We are very pleased to announce some outstanding results this year.

Of the more than 140,000 candidates worldwide, about 200 or so will get top scores of 45/45 points. This year in Hong Kong, 18 students gained the perfect score. Of these 18 students 2 supported their studies with ITS.

Our congratulations to them for their outstanding commitment to hard work and great all round performance.

 

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If you take one English test, take this one

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by Danny Harrington, Founder & Director, ITS Education Asia

 

The battle is over, and, for most uses, one English proficiency exam has been left standing- the IELTS exam. Not only has it become the de facto market leader over the last 10 years or so, but the decision by the UK government in 2015 to drop all other tests as valid for visa applications has given it an added boost. For immigration and/or study in English-speaking countries, as well as being increasingly considered by many multi-national corporations as an indicator of a job applicants’ language ability, the IELTS exam is recognized as the gold standard.

Success in the IELTS exam (meaning reaching a required “band,” or score) is not up to luck, or out of the reach of most properly-prepared test takers. For the most part, it takes a familiarity of the exam-taking process and the ability to apply knowledge correctly within the exam format.

First, the standard information: there are two main versions of the IELTS exam – the Academic version and the General Training version. General Training is usually taken by those who are sitting the exam for immigration purposes only. The majority of IELTS candidates sit the Academic version to access study or employment. While the different versions offer different papers and at different levels, the speaking and listening test is the same for both Academic and General training candidates.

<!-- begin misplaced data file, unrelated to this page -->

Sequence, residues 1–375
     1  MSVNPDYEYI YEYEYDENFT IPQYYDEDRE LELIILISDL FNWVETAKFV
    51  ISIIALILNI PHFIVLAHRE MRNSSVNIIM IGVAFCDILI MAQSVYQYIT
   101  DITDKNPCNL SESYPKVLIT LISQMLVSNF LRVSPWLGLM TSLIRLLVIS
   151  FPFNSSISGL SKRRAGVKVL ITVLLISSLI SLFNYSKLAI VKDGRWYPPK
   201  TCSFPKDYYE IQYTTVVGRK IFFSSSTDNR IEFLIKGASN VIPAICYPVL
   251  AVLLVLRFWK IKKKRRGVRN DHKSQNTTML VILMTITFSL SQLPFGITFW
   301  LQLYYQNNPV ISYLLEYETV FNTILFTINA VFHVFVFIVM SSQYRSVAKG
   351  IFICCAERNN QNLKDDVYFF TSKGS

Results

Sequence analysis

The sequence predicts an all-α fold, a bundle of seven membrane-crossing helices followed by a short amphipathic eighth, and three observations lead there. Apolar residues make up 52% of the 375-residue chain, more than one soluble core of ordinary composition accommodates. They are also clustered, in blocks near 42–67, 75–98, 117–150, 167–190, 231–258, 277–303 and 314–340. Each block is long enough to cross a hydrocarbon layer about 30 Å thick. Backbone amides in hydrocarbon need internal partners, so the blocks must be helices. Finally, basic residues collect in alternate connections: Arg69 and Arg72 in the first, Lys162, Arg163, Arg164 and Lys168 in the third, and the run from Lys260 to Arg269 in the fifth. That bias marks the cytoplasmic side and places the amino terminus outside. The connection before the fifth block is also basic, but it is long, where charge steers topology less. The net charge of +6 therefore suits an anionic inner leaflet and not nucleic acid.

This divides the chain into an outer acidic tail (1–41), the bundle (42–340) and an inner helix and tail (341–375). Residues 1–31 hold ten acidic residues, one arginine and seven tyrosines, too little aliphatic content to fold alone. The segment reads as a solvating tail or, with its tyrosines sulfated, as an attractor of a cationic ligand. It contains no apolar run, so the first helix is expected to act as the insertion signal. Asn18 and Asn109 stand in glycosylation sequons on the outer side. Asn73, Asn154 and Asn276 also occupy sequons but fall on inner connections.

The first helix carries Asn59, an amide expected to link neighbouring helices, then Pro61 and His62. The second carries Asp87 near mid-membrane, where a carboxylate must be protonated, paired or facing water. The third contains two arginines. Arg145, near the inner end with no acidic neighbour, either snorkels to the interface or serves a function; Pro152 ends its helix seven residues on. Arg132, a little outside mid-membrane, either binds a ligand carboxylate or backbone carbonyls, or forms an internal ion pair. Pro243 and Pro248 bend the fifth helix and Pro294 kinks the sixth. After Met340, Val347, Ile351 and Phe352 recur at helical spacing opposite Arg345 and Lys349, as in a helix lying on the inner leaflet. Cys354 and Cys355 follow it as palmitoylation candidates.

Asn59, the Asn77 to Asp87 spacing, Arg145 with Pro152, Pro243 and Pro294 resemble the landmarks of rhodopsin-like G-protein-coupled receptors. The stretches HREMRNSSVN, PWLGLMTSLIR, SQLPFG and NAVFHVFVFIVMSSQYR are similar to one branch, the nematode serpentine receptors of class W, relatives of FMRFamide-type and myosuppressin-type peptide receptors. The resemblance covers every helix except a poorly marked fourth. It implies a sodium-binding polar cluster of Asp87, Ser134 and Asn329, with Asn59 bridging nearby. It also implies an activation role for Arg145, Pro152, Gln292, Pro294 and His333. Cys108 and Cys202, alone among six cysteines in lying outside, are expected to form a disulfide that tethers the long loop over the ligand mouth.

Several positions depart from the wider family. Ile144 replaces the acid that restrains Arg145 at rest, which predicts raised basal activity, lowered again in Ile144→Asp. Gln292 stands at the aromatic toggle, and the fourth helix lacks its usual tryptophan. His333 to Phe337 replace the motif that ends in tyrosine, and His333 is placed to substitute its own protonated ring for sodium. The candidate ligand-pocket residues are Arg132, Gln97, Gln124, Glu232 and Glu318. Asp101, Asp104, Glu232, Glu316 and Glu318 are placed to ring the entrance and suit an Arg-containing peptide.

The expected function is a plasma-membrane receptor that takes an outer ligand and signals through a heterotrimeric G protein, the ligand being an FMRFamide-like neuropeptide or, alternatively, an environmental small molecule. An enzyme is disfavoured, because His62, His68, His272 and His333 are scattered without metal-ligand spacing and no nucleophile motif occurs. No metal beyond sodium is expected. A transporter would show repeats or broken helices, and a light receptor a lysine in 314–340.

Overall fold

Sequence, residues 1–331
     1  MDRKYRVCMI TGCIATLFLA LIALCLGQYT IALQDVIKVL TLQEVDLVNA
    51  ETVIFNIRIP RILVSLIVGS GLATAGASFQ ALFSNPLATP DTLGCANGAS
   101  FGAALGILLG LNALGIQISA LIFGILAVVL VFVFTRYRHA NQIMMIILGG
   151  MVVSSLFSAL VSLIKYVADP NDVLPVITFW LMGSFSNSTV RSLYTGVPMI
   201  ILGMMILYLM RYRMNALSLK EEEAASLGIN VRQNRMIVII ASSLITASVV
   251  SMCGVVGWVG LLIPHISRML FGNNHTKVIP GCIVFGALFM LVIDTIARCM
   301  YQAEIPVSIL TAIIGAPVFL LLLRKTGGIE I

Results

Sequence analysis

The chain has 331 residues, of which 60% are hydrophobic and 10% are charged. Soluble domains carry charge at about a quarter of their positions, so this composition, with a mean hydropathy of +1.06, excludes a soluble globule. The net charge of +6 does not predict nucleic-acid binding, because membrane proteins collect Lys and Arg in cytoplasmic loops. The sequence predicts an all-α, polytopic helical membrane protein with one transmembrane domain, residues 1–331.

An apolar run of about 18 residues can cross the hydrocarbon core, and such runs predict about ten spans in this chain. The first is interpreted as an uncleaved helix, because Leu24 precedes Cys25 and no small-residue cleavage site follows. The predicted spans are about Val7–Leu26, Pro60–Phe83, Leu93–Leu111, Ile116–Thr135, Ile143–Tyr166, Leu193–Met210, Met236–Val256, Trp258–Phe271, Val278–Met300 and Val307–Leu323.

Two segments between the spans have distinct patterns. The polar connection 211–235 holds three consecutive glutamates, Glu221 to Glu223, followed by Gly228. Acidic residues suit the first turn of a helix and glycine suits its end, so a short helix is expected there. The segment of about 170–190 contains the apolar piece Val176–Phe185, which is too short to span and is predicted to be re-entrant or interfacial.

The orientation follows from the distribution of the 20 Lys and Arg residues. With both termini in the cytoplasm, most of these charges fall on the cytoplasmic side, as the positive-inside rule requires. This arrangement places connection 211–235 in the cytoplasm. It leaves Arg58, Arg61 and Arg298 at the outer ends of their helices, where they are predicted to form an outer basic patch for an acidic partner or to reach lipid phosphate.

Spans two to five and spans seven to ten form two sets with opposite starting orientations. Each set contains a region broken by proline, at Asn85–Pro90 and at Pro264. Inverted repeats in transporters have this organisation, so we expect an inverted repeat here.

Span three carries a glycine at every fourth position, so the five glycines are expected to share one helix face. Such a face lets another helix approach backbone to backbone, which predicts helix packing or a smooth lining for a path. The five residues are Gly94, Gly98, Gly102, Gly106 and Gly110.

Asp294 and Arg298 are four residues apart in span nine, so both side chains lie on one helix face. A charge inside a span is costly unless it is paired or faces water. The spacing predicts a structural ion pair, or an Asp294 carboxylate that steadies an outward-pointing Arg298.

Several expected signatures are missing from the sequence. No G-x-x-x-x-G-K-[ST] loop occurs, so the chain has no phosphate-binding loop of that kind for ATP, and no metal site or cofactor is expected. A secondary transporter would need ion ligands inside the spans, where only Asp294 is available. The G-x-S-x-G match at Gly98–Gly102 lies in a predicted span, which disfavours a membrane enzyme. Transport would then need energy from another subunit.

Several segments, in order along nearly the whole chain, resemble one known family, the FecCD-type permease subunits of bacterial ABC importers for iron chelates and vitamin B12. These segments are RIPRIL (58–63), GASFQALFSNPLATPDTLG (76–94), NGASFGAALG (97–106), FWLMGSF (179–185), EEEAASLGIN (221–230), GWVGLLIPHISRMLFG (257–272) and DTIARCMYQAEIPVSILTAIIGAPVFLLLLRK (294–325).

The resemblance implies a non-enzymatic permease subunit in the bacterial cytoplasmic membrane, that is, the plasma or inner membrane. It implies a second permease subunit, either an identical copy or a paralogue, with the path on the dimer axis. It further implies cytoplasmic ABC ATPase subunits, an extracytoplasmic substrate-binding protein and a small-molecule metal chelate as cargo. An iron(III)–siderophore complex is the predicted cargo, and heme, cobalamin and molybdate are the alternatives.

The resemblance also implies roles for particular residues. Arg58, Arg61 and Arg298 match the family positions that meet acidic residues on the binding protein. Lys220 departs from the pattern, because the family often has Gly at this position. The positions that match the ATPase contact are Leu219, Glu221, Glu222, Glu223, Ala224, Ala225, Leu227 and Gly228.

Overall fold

In addition to Academic and General Training, a brand new version of the exam has just been launched – IELTS Life Skills. This exam is to meet the requirements of UK Visas and Immigration for certain visa categories and other immigration purposes, and only assesses a candidates’ listening and speaking skills. It’s important to remember that, for all of the exams, an IELTS score is only valid for two years. After the two year period, the score is said to be stale and candidates need to take the exam again in order to have a valid score.

So what is an IELTS exam taker to do to maximize the chances to get the best score possible? Familiarize yourself with the test format, first and foremost. Practice your English, every day. There is, of course, a variety of freely-available preparation material on the internet (often of poor quality, unfortunately). Or, you can take an exam preparation course.

Availability, cost and quality are big factors in choosing a preparation course. Often learners are in a remote area and simply don’t have access to courses such as these, or the cost is prohibitive. This is changing, however, and now anyone with an internet connection can access courses that were simply unavailable even a few short years ago.

At ITS Education Asia, we have launched an IELTS Exam Preparation course offered fully online and thus available anywhere in the world. Live sessions with a real teacher, teacher-guided self-study, exam tips and strategies, and assignments and practice papers/tasks marked with full tutor feedback and returned to the student are a cost effective, high-quality option for students around the world looking for an IELTS course. It runs on a rolling schedule so each week uses a different theme to cover the IELTS skills areas and students can therefore join at any time and complete 6 weeks to get the full course.